Atlantic Salmon

Atlantic Salmon

Common name: Atlantic Salmon

Scientific name: Salmo Salar (in Latin, “leaper” or “jumper”)

Appearance: Silver and white in open water, with a few dark spots above the lateral line, Atlantic salmon darken to a yellowish brown in fresh water, to the point where they could be mistakenfor brown trout. However, the salmon’s forked (as opposed to square) tail remains adead giveaway.

Distribution: The Atlantic salmon occurs on both sides of the North Atlantic Ocean. On the western side it ranges from the Ungava Bay, Hudson and Davis straits, and southern Greenland southward in most rivers along the Labrador coast, Newfoundland, Quebec, and the Maritime Provinces to the Connecticut River (where it has been reintroduced), between 40 degreees to 60 degrees latitude.
Atlantic salmon faced extinction in previous eras due to pollution, illegal netting, and destruction of spawning areas. However, careful management, stricter environmental regulations, stocking, and construction of fish ladders to help salmon get around dams and other artificial obstructions to their spawning areas have helped the fish rebound.

Spawning: The Atlantic salmon is an anadromous species, that is, it spawns in freshwater streams, the adults return to sea and the young remain in fresh water for 2 or 3 years. When the fish are about 15 cm in length, the young salmon (smolt) migrate to sea where they may live for 1, 2 or more years before returning to fresh water to spawn.

In Canada, Atlantic salmon spawn in October and November. The actual date depends on the region. Marine salmon move into estuaries and, thence, to fresh water in spring, summer, or early autumn, the approximate time being characteristic for each river. The ability of salmon to surmount falls and other obstacles in the river in order to reach the spawning grounds has been a source of wonder for centuries.

As the adults prepare for spawning, the head of the male undergoes transformation. The head elongates and the lower jaw becomes enlarged and hooked at the tip, forming a kype. The actual nesting site is chosen by the female, usually a gravel-bottom riffle area above or below a pool. While the male drives off other males and intruders, the female, on her side, uses her caudal fin like a paddle and excavates a nesting depression (the redd). Adult female salmon can deposit from 600 – 800 eggs per pound of body weight. The eggs are usually a pale orange in color and measure 5 – 7 mm in diameter.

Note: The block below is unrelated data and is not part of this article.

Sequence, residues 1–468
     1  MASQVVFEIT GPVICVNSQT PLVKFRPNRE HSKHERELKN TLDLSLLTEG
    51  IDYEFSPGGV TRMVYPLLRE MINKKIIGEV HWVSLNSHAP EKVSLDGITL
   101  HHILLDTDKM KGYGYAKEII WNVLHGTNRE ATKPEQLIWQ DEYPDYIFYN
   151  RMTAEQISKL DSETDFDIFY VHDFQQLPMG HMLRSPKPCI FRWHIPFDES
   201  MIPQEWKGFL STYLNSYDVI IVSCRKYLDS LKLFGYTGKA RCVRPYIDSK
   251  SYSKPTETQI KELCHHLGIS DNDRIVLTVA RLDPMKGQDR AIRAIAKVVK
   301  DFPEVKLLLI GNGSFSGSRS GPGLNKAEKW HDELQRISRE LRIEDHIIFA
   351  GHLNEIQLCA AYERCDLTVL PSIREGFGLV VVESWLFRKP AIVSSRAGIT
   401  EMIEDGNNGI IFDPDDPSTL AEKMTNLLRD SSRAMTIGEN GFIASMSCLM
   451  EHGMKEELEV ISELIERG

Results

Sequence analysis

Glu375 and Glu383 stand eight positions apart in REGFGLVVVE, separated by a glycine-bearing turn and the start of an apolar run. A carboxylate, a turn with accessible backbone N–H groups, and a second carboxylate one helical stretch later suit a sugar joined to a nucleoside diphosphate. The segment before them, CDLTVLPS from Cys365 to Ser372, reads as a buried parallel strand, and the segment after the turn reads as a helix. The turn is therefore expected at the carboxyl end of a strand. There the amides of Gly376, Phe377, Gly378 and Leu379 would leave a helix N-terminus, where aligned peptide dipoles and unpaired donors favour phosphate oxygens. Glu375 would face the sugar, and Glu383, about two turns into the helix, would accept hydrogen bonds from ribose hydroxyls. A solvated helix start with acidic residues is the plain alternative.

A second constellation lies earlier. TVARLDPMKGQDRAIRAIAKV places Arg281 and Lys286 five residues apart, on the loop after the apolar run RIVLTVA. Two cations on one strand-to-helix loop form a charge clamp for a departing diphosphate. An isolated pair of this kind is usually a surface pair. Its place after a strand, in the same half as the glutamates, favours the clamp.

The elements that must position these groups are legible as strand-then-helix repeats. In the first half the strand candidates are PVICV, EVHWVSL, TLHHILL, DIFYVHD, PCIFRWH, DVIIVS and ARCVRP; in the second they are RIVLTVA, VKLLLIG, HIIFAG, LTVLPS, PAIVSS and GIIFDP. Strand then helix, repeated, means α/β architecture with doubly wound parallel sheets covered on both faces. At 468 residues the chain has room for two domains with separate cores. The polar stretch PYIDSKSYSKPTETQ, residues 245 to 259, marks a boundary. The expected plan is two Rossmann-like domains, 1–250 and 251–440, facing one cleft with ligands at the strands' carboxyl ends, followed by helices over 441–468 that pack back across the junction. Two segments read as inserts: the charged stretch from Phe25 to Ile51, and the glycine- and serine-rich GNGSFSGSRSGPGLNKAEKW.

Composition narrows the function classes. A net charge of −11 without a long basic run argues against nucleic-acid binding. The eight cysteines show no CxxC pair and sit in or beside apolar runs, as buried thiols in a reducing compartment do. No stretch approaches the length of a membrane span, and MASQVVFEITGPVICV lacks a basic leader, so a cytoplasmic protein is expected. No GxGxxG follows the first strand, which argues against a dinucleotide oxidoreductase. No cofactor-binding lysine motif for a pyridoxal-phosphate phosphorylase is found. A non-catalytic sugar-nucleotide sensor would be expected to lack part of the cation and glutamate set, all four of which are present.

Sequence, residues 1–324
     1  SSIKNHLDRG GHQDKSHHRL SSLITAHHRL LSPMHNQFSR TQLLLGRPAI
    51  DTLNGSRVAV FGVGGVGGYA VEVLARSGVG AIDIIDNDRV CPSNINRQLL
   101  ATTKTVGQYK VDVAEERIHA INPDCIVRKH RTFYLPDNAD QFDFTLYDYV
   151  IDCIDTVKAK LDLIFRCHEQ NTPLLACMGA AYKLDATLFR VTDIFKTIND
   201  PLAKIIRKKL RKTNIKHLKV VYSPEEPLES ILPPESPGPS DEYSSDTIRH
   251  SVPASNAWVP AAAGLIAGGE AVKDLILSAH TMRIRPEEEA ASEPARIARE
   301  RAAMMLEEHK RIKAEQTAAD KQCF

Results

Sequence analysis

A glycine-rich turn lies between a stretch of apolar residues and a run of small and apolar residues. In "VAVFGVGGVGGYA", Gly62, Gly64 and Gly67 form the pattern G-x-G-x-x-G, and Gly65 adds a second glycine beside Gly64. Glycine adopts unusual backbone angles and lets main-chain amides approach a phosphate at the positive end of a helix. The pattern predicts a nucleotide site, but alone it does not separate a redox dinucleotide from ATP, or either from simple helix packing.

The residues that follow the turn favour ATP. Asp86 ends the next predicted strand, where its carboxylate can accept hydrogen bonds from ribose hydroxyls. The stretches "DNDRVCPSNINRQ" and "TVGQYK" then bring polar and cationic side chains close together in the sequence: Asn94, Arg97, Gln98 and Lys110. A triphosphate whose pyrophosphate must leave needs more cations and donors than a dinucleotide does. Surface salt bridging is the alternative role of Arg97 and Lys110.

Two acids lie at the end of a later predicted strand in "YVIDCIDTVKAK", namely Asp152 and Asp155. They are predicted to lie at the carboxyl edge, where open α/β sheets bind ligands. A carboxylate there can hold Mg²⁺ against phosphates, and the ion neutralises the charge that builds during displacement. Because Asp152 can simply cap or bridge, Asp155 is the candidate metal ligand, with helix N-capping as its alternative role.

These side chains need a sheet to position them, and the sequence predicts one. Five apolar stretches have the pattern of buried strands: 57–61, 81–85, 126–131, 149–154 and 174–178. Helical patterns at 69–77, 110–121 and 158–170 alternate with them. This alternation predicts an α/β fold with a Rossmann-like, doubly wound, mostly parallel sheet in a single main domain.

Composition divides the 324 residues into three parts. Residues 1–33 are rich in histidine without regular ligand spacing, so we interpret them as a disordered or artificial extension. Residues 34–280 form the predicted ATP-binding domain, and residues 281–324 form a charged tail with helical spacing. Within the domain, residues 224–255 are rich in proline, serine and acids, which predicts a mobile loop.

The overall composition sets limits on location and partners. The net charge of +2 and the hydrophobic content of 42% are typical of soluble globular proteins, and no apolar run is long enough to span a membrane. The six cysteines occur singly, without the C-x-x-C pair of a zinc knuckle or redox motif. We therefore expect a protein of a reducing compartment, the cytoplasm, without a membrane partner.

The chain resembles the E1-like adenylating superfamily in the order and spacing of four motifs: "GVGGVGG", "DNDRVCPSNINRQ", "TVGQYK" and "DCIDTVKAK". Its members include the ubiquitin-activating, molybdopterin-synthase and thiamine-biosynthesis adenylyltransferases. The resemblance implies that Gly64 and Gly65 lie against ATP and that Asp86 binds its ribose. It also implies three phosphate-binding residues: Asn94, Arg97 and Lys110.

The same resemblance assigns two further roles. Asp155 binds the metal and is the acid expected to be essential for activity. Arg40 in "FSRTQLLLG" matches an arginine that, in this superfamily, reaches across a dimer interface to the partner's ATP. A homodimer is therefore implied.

The first wave of salmon to arrive at spawning grounds make for the best sport fishing, as later arrivals are often sluggish with eggs and milt.

Angling: In most countries, states, and provinces, only fully mature atlantic salmon may be legally caught. If you happen to catch an immature salmon (known as smolts in the ocean and grilse in rivers & streams, typically weighing less than 20 pounds) you should release it immediately.

Salmon are big, heavy, and vigorous fighters, requiring heavy-duty rods and reels. Fully mature Atlantic salmon can weigh nearly one hundred pounds, with the record rod-and-reel catch, caught in Norway, tipped the scales at over seventy-nine pounds.A heavy, sinking lure is the best bet for catching salmon in deep waters during the pre-spawn phase, while lighter tackle is better during the spawn, when salmon feed near the surface of rivers and streams. Salmon are relatively slow to anger compared to trout, and hence may require several presentations before a strike is triggered. Darker-colored lures are generally more effective in clear waters on bright days and brighter lures in murky waters on gray days. Salmon feed during all stages of their life – pre-, during-, and post-spawn. While it is uncertain whether post-spawn salmon actually feed on their return trip to the ocean, their instincts remain and strikes can still be triggered.